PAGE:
It’s a challenge every month to spot the New Moon by naked-eye as early as possible. I use the term New Moon in its traditional sense of one’s first sighting of the Moon after its monthly solar conjunction (Dark Moon). The Dark Moon (which some call New Moon) will be in geocentric longitudinal conjunction with the Sun on 2014 JUL 26 at 22:42 UT (17:42 CDT).
The early spotting of a New Moon becomes difficult for observers north of the tropics now that we’ve moved past the time of the summer solstice. That causes the angle at sunset to narrow between the ecliptic and the horizon. The waxing crescent Moon running south of the ecliptic this summer is also not helpful. The first opportunity for sharp-eyed North Americans may come on July 28, with the Moon aged more than two days. More folks should have luck the next evening. See my previews above for July 28-30.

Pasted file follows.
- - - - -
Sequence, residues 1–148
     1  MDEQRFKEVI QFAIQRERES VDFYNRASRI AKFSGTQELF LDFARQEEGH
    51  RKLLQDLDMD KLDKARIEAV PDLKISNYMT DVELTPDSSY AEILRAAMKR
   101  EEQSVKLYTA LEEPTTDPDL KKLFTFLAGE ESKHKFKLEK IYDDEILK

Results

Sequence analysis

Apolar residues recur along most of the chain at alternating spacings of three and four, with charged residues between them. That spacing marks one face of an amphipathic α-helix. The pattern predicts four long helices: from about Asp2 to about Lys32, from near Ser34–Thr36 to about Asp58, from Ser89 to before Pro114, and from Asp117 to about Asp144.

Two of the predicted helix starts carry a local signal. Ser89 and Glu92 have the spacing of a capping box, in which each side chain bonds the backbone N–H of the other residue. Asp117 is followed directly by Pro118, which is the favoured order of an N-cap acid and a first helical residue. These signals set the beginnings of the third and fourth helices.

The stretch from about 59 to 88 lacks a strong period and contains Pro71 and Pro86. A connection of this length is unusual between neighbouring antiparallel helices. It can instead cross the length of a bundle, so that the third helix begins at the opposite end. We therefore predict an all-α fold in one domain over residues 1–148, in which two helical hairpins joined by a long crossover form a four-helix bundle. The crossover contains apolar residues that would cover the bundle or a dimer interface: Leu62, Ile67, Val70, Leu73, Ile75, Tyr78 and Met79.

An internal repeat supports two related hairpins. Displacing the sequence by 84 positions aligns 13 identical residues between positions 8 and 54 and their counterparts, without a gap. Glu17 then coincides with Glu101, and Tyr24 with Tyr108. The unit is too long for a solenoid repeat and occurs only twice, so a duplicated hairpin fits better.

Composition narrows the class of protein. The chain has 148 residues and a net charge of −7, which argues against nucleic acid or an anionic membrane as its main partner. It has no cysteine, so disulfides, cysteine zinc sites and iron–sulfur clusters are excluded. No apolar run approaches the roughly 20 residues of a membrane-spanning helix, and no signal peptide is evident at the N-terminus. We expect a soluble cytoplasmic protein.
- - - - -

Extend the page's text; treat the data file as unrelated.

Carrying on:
Also above is a link to a panorama including all Diana’s Bows in 2014. That’s a waxing crescent Moon about 10% illuminated and aged about three days. The name is a reference to the archery equipment of the ancient Roman Goddess of Hunting and the Moon. The graphic nicely illustrates how the season of the year affects the viewing of a waxing crescent Moon.